Phil Zuckerman Swings Again. And Whiffs Again.

Sociologist Phil Zuckerman argues, “When it comes to the most pressing moral issues of the day, hard-core secularists exhibit much more empathy, compassion, and care for the well-being of others than the most ardently God-worshipping.”

Zuckerman failed to make this case with respect to the Covid pandemic (as I previously demonstrated).  So let’s turn to his next example:

Consider climate change. The best available data shows that — as a direct result of human activity — we are destroying our planet. The results are already manifesting with greater and deadlier frequency: poisoned air and water, massive wildfires, stronger hurricanes, brutal mudslides, quickly melting glaciers, rising sea levels, the wanton disappearance of forests and coral reefs. Such developments do not bode well for the future; more suffering and death are on the rapidly approaching horizon. And, yet again, what do we see? It is the most staunchly secular among us who understand the science behind climate change and want to do what needs to be done in order to prevent it, while it is the most pious among us who dismiss the science and don’t want to address the dire threat. For example, a recent PRRI study found that over 80% of secular Americans accept the evidence that human activity is causing climate change — and they place addressing climate change at the top of the list of their political priorities — while only 33% of white Evangelicals accept such evidence, and thus place is towards the bottom of their list of political priorities.

So the demonstration of superior atheist morality comes from many more secular Americans placing climate change “at the top of the list of their political priorities.”  But once again, Zuckerman runs into the same buzz saw of considerations that shredded his pandemic example.  To begin, there is no evidence that such political priorities have anything to do with secular people being motivated by empathy, compassion, and care for the well-being of others.  Zuckerman merely assumes that to be the case.  And the assumptions of an atheist apologist hardly qualify as evidence.

What’s more, there is an alternative explanation that has nothing to do with morality.  Again, it’s Fear.  Only this time it is fear of some coming apocalypse.  For example, if you are afraid that we are “we are destroying our planet,” then you will favor proposals to help reduce that fear. If you are not afraid the planet is being destroyed, you have no reason to favor such proposals.  Zuckerman should read his own words.  If “only 33% of white Evangelicals accept such evidence,” of course they are “going place it towards the bottom of their list of political priorities.”  That’s reasonable.  The main, relevant difference here is that “80% of secular Americans accept the evidence that human activity is causing climate change” while “only 33% of white Evangelicals accept such evidence.”  One can explore the causes behind this different level of acceptance, but it’s rather clear morality is not in play here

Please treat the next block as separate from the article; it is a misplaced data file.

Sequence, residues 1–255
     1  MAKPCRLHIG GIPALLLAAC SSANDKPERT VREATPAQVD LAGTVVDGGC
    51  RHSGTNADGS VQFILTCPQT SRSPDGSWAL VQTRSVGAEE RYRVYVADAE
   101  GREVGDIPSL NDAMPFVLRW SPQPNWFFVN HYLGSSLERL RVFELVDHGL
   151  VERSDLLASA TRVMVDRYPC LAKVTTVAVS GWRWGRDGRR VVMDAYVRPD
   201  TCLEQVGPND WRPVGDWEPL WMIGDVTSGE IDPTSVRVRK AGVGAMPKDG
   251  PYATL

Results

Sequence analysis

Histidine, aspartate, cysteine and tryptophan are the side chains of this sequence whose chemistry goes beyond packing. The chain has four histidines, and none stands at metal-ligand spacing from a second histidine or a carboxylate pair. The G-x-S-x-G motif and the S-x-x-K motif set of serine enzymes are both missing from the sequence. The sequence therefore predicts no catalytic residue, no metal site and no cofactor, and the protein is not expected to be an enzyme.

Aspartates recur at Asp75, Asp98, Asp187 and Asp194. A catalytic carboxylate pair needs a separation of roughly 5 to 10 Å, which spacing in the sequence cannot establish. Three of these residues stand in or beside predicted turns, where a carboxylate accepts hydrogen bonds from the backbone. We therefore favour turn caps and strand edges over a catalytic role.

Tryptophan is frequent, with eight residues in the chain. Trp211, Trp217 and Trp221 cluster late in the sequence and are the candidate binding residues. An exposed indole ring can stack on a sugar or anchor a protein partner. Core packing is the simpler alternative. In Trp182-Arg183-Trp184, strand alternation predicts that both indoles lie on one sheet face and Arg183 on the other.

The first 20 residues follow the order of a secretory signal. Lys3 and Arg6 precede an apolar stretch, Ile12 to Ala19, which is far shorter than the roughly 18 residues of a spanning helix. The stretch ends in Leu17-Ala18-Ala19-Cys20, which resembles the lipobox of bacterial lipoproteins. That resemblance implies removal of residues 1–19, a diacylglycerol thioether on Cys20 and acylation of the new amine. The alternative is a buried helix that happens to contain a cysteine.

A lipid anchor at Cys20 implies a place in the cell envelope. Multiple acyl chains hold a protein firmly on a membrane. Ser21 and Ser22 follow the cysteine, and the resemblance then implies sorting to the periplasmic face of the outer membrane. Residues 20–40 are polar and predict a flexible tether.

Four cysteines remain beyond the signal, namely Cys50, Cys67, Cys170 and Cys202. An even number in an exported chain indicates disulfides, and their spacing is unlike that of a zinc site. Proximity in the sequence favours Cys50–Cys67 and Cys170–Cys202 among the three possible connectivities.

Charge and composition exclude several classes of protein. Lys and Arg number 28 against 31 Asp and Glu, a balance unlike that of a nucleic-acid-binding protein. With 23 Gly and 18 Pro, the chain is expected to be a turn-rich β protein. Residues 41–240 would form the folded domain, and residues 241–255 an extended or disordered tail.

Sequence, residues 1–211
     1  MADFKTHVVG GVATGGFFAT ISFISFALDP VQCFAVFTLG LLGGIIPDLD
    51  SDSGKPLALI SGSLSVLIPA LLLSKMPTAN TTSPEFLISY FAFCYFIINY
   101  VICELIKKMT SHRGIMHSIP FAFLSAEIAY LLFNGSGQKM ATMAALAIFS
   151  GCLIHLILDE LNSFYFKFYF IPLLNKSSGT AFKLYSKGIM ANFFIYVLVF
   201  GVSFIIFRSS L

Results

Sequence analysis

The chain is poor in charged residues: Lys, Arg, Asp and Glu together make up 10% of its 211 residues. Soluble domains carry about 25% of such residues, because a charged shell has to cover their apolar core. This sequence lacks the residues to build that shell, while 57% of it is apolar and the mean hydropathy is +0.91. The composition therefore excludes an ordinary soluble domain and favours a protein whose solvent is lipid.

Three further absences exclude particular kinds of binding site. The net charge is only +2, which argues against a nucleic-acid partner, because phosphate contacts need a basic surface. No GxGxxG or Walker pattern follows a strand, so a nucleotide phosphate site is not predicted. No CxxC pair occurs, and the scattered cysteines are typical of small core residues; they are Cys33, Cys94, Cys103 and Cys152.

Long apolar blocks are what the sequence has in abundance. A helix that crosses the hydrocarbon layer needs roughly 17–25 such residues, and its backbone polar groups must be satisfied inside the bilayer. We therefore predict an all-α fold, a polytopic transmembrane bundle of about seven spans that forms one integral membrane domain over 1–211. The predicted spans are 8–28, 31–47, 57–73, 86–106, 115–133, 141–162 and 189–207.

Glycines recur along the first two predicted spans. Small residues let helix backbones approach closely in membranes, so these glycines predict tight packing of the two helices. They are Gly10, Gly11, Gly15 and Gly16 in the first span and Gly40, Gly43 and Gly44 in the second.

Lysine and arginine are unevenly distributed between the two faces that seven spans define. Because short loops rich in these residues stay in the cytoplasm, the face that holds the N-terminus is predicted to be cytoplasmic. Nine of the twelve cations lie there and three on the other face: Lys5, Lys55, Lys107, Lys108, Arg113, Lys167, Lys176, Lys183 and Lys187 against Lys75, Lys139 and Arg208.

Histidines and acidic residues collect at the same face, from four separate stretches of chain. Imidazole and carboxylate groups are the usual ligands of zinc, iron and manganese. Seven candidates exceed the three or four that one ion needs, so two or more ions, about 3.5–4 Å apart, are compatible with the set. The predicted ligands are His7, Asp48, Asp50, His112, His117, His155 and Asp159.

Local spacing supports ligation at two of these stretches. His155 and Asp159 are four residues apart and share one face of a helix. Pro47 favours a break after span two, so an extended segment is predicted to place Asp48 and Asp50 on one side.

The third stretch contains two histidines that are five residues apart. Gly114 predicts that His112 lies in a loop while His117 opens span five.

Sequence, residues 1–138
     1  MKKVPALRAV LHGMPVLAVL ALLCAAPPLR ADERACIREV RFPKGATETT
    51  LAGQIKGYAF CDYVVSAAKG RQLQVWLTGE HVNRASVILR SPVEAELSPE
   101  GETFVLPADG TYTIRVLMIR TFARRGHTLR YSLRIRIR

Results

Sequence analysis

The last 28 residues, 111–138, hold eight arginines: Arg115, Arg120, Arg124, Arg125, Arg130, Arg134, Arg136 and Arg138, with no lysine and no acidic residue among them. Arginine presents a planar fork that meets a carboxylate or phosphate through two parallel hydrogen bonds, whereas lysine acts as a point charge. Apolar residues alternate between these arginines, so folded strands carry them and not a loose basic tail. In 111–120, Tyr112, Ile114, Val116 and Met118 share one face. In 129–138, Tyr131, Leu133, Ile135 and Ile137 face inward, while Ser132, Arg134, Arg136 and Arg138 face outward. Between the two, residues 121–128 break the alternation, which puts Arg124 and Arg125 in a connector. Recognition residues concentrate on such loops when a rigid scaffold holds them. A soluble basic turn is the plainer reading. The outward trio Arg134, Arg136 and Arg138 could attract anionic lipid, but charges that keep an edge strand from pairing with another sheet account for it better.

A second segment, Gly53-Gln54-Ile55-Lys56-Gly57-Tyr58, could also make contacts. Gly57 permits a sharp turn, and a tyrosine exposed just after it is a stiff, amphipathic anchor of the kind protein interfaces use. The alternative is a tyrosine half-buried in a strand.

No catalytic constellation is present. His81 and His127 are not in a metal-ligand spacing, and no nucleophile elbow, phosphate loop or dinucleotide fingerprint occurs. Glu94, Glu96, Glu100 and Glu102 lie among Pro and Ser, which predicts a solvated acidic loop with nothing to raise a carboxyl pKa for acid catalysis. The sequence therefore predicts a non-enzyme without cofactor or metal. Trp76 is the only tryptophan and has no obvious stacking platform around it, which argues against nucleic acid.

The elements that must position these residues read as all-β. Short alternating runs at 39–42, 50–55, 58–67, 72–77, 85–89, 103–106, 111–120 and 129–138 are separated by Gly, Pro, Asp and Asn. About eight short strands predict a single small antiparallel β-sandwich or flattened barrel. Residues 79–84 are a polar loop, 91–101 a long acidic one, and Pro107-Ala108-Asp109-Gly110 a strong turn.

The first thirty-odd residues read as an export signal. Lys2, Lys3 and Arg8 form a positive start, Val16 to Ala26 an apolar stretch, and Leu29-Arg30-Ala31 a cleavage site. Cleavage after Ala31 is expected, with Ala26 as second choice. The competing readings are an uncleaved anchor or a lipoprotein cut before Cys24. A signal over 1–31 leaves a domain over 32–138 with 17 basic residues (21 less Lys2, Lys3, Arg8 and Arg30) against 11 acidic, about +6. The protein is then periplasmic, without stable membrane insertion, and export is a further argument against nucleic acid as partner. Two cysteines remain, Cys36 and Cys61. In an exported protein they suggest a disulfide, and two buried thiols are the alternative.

In other words, Zuckerman’s evidence for the superior morality of atheists may just as well instead be evidence of their greater fear of the apocalypse as a consequence of their greater likelihood of believing in such a dark future.   

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3 Responses to Phil Zuckerman Swings Again. And Whiffs Again.

  1. Kevin says:

    There is also the other dimension of this issue, which is how so many of the proposed solutions would be devastating economically. To wipe out families’ livelihoods as a response to fear is not a sign of high moral character.

  2. Ilíon says:

    ==“When it comes to the most pressing moral issues of the day, hard-core secularists exhibit much more empathy, compassion, and care for the well-being of others than the most ardently God-worshipping.”==

    English Translation: “When it comes to doing what we already want to do, hard-core secularists exhibit much more determination to do what we want to do, while calling it “empathy, compassion, and care for the well-being of others”, regardless of the actual results of doing what we want to do, than the most ardently God-worshipping.”

  3. Ilíon says:

    As always with these self-refuting atheistic “We are more moral than you” chest-thumpings, Zimmerman is asserting that there is a “way things ought to be” to the cosmos (*), that people ought to do certain things and ought not to do other things, and that these moral obligations are discoverable.

    But, were God-denial indeed the truth about the nature of reality, then there is no, nor can there be, a “way things ought to be”.

    (*) and thus that “the universe” isn’t *merely* a mechanistic conglomeration of matter-and-energy, but is a cosmos.

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